"Lacking local support and sometimes luck as well, Britain launched several operations, all of which failed miserably, as former senior SAS officer George Campbell-Johnson would confirm much later.  But what did it matter, when a war of attrition had begun between London and Tripoli--one that never really ended.  For this reason, in time, Great Britain found friends in Qaddhafi's enemies--especially in the radical religious movements, which saw Qaddhafi as too moderate and adhering to an Islam that was too lax.  One of these movements has gotten recent attention: the Libyan Islamic Fighting Group, which appeared on the White House and Justice Department's list of twenty-seven suspect organizations after the September 11 attacks.  Jama al-Islamiya al-Muqatila, its Arabic name, is a group of Libyan Islamic combatants, and one of the longest-standing supporters of Osama bin Laden.  Its main operational leader, Anas the Libyan, is one of bin Laden's close aids.

"From the early 1990s, al-Muqatila [Libyan Islamic Fighting Group] mobilized "Afghani-Libyans," that is to say, former Mujahedeen apprentices who had been recruited by various Muslim Brotherhood offices to fight in Afghanistan with the help of Saudi dollars and American Stinger missiles.  After the war, about 2,500 of these religious soldiers from Libya formed a radical movement with the intention of establishing itself in its native country.  The group's goal was clear: members would establish themselves within the Libyan community in order to take control of the government in Tripoli.  After the Cold War, as so many others had done, they installed their rear guard in Sudan and pledged allegiance to Osama bin Laden, who seemed from afar to be the most successful of all the fundamentalist leaders.

"Bin Laden followed the group's cause with great interest, and also gave them support.  Starting in 1993, he even imagined settling down in their country.  Located between Algeria, where Islamist forces were growing, and Egypt, where the Jamaa and Islamic Jihad still had strong networks, Libya seemed the most natural place to set up Al Qaeda's central headquarters.  Details contained in the Interpol document even prove that the terrorist lived there--in the small city of Jabala-larde, not far from Benghazi, in the eastern part of the country.  There, bin Laden was on Arab soil.  Even better, since Qaddhafi was ostracized from other nations, he did not receive foreign aid.  On the contrary.  Former British secret service agent David Shayler, positioned at the North African branch of the British secret service (MI5), revealed that MI5 had organized an operation to assassinate Qaddhafi, in November 1996--with the support of al-Muqatila combatants.  The failed operation was meant to attack Qaddhafi's motorcade during an official trip.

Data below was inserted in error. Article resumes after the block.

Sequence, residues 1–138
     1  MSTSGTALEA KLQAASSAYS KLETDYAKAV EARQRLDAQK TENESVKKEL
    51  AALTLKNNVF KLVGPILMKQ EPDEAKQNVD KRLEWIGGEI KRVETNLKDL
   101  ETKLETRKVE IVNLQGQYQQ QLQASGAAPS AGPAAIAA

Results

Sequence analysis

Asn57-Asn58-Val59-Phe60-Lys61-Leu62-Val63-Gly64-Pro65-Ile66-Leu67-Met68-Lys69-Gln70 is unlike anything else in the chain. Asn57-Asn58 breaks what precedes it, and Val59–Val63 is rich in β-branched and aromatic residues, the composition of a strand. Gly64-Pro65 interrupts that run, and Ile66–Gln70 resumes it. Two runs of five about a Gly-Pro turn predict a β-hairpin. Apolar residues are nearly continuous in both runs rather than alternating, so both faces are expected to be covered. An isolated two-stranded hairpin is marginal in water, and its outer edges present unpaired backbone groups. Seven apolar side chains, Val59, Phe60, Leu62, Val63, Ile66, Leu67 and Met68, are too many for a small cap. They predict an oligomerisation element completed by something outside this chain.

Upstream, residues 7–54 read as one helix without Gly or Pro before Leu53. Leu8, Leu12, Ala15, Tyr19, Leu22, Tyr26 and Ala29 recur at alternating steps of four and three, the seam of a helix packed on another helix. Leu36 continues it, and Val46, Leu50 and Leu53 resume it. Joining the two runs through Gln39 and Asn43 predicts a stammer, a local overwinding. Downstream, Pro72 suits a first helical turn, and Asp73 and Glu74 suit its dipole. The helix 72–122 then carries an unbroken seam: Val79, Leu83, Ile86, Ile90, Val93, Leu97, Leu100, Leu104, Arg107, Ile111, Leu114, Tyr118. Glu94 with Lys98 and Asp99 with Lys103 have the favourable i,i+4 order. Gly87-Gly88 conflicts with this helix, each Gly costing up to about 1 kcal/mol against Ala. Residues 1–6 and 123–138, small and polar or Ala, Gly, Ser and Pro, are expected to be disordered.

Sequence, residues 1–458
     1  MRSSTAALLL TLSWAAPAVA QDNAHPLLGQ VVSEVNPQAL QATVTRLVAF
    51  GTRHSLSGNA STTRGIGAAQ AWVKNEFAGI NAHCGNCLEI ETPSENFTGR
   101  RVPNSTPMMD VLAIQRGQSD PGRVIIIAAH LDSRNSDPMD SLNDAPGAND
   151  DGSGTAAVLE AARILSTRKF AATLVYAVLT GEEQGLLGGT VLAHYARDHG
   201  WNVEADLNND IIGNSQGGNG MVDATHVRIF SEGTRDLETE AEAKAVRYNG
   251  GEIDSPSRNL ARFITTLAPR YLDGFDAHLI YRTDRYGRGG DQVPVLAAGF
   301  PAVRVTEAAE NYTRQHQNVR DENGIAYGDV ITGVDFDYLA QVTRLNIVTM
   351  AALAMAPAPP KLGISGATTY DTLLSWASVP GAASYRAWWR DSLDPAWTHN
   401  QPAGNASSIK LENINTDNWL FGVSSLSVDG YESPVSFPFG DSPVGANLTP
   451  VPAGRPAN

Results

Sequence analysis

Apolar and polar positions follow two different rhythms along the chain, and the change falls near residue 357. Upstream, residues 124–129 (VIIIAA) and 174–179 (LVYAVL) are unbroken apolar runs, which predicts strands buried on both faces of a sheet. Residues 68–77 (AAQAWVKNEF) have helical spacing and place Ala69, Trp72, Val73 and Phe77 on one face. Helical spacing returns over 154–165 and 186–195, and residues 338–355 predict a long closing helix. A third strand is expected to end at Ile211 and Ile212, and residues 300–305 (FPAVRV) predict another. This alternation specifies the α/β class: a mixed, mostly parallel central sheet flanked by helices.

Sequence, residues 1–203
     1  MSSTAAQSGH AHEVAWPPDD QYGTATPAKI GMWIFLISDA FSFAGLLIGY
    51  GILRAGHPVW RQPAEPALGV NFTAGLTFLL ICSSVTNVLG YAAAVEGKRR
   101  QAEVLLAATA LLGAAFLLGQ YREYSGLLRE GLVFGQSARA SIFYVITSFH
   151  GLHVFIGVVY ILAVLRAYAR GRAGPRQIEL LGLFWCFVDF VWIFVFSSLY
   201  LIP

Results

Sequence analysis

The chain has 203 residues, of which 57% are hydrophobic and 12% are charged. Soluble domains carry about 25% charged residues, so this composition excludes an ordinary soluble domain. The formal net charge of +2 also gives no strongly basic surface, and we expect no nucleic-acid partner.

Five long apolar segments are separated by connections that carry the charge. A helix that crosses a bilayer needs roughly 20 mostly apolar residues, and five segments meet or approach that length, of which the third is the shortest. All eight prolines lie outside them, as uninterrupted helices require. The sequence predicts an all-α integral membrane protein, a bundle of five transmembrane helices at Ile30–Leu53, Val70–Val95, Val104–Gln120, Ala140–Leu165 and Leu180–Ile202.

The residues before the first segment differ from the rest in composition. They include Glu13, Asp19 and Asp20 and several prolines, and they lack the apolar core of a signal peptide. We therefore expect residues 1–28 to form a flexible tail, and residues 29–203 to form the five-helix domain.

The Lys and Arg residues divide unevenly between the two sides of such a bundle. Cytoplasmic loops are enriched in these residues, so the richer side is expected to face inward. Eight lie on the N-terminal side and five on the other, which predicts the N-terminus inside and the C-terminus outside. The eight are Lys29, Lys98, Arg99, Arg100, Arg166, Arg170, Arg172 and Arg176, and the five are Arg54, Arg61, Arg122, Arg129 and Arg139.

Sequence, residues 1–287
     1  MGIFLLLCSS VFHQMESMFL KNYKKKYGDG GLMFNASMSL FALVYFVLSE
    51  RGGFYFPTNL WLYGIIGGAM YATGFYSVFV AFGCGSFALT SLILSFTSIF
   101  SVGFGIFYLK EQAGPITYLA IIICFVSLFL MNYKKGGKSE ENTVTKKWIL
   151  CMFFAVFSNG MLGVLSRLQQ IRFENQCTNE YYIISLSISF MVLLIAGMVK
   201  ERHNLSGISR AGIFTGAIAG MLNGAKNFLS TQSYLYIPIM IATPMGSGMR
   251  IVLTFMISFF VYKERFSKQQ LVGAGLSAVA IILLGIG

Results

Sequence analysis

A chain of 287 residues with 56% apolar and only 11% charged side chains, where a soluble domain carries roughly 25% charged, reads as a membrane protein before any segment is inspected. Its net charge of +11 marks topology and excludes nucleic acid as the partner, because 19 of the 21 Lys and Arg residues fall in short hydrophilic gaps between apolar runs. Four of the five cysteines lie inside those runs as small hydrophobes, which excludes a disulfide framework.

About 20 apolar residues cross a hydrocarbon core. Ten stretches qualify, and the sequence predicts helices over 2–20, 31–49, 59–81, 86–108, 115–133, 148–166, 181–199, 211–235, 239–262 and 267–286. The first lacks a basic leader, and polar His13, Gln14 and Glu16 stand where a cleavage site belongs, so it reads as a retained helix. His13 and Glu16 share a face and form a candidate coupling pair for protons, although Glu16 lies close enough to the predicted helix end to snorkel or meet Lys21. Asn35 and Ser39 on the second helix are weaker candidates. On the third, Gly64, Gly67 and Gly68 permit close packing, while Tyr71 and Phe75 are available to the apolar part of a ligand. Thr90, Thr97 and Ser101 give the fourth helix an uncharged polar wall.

"During this period, and at least up until 1996, the British secret service, which depends upon the Foreign Office but is supervised by the prime minister, worked in cooperation with Osama bin Laden's main allies.  Now it's easy to understand why the Interpol documents remained for so long in the archives, where no one could get at them.  And this collaboration was not just occasional, since al-Muqatila's liaison bulletin Al-Fajr, is published in London by an important figure in the radical Sunni community, Said Mansour.

"Because Osama bin Laden was aggressively targeting Qaddhafi while at the same time his al-Muqatila brothers were receiving support from London, Libyan security authorities were the first to really pursue bin Laden.  This was during a period when he was of use to many different states, from the banks of the Tamise to the desert outskirts of Riyadh.

"The irony in this game of bluff came in the end of September 2001, when the head of Libya's intelligence agency, Musa Kusa, went to London to share important information with his counterparts at MI6.  It was a gift that demanded a return favor: he handed over a list of a dozen names of al-Muqatila members living in London, whom his authorities would very much like to get their hands on."